It seems that every attempt to make a film that sets women front and center is met with angry, male-centric resistance. Why is it we can have countless stories of boys being boys, but the moment women are announced as leading the film complaints and criticisms start rolling in? As of 2019, the 2016 Ghostbusters trailer was the most disliked video on YouTube simply for the crime of having a primarily female cast. Mad Max: Fury Road, which starred Charlize Theron alongside Tom Hardy, was accused of “succumbing to the feminist agenda” by fans of the testosterone-packed franchise. And more recently, Birds of Prey: The Fantabulous Emancipation of One Harley Quinn has been plagued with negative reviews and angry fanboys because it dares to celebrate femininity.
Harley Quinn of DC Comics is best known for her highly toxic and problematic relationship with the Joker since her debut in 1992 on Batman: The Animated Series. Originally a brilliant psychiatrist working at Arkham Asylum, she fell for the Joker’s manipulation and mind tricks, helping him escape to continue wreaking havoc in Gotham. Harley’s undergone numerous incarnations, retcons, and updates over the years, sometimes breaking free of the Joker only to get swept back into his abusive and gaslighting ways. She’s hardly an innocent character, and she’s every bit as insane as the Joker, but 2020’s Birds of Prey was a refreshing and ultimately delightful movie that unapologetically celebrated femininity and powerful women. Margot Robbie reprised her titular role as Harley Quinn from the critically panned 2016 Suicide Squad film; in Birds of Prey, however, the underwear-shorts and impractical stiletto heels, the unnecessarily revealing outfits, and the lingering camera shots were left behind along with the Joker. Perhaps it helped that the film was written and directed by women, since it felt like Harley and her squad of kickass women were treated as people, not objects. They were allowed to swear, to fight dirty, to cry, pout, laugh, and be obnoxious. They didn’t have to constantly swing their hips and wink at the camera.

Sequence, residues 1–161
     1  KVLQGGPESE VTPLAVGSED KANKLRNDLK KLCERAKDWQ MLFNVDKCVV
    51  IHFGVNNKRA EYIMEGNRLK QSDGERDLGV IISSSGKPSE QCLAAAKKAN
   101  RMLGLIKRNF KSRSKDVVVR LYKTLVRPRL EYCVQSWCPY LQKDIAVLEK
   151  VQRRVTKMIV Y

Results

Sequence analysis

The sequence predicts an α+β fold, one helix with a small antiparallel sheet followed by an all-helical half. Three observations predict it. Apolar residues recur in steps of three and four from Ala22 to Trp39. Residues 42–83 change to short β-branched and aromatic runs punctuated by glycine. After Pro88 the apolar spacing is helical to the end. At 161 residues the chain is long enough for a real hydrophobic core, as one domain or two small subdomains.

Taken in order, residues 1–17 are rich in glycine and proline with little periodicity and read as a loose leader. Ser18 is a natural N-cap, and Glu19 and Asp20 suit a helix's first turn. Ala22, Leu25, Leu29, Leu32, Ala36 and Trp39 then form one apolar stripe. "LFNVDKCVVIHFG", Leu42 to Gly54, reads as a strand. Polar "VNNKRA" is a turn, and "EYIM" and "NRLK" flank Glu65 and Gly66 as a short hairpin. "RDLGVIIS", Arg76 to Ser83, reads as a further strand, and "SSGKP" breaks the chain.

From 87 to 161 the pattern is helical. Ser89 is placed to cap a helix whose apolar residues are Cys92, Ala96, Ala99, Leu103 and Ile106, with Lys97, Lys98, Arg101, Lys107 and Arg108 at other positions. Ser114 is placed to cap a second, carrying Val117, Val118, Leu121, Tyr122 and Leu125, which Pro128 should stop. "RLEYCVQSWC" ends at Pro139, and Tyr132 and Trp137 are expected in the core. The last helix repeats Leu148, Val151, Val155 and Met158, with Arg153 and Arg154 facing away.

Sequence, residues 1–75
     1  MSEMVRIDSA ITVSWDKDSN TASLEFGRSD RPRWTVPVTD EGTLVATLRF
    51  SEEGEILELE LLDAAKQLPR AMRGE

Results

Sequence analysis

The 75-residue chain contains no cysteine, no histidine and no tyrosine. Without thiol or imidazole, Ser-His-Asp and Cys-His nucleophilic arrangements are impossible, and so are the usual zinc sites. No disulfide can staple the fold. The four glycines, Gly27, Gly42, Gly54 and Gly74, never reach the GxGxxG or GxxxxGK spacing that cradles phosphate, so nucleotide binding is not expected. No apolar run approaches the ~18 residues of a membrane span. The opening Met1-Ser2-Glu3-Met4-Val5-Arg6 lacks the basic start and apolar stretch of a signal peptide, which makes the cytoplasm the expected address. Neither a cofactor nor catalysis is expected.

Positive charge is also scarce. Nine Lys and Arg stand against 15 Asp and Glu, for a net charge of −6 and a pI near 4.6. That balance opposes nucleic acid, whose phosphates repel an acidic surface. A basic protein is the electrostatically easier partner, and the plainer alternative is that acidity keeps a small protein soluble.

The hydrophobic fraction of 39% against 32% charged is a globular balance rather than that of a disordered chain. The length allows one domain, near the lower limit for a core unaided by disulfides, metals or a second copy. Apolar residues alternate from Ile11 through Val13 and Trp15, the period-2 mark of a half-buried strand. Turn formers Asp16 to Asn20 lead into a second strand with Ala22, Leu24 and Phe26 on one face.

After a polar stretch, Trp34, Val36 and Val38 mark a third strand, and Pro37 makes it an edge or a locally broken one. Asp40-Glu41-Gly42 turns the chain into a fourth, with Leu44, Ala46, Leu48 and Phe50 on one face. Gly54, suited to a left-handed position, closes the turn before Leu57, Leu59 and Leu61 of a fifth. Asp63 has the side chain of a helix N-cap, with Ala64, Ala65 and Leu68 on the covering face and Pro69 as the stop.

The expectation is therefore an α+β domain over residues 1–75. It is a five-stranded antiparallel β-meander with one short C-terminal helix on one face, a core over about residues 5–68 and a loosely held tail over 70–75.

With Margot Robbie set to reprise her role as Harley in the upcoming remake of Suicide Squad, we will have to wait and be cautiously optimistic that her onscreen representation will continue the journey she started in Birds of Prey. Strong female characters don’t have to prove they’re just as good as their male counterparts while still being sexy for the cameras – they can and should exist as themselves, for themselves. It’s refreshing to see women as people on the screen, not as glamorous objects that must constantly strive to please the male gaze.